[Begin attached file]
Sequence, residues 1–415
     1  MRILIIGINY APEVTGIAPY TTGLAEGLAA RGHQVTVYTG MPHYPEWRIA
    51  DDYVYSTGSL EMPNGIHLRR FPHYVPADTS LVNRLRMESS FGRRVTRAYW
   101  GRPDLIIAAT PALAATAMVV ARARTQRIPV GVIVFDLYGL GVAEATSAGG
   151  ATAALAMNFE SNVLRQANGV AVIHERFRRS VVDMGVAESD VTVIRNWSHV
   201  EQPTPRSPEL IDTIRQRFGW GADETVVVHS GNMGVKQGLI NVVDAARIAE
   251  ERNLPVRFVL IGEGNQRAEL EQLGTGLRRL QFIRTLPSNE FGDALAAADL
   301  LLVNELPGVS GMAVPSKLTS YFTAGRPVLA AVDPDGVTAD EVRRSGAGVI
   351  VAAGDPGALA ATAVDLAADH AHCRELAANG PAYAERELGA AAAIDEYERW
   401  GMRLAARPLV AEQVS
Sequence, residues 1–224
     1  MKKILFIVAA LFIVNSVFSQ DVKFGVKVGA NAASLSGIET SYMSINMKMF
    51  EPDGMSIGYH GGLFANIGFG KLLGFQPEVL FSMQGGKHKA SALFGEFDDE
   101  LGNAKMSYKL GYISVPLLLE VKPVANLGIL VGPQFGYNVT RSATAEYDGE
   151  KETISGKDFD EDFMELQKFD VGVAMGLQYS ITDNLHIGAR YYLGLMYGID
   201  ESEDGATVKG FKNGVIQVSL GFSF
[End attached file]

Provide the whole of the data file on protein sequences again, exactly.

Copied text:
Sequence, residues 1–415
     1  MRILIIGINY APEVTGIAPY TTGLAEGLAA RGHQVTVYTG MPHYPEWRIA
    51  DDYVYSTGSL EMPNGIHLRR FPHYVPADTS LVNRLRMESS FGRRVTRAYW
   101  GRPDLIIAAT PALAATAMVV ARARTQRIPV GVIVFDLYGL GVAEATSAGG
   151  ATAALAMNFE SNVLRQANGV AVIHERFRRS VVDMGVAESD VTVIRNWSHV
   201  EQPTPRSPEL IDTIRQRFGW GADETVVVHS GNMGVKQGLI NVVDAARIAE
   251  ERNLPVRFVL IGEGNQRAEL EQLGTGLRRL QFIRTLPSNE FGDALAAADL
   301  LLVNELPGVS GMAVPSKLTS YFTAGRPVLA AVDPDGVTAD EVRRSGAGVI
   351  VAAGDPGALA ATAVDLAADH AHCRELAANG PAYAERELGA AAAIDEYERW
   401  GMRLAARPLV AEQVS
Sequence, residues 1–224
     1  MKKILFIVAA LFIVNSVFSQ DVKFGVKVGA NAASLSGIET SYMSINMKMF
    51  EPDGMSIGYH GGLFANIGFG KLLGFQPEVL FSMQGGKHKA SALFGEFDDE
   101  LGNAKMSYKL GYISVPLLLE VKPVANLGIL VGPQFGYNVT RSATAEYDGE
   151  KETISGKDFD EDFMELQKFD VGVAMGLQYS ITDNLHIGAR YYLGLMYGID
   201  ESEDGATVKG FKNGVIQVSL GFSF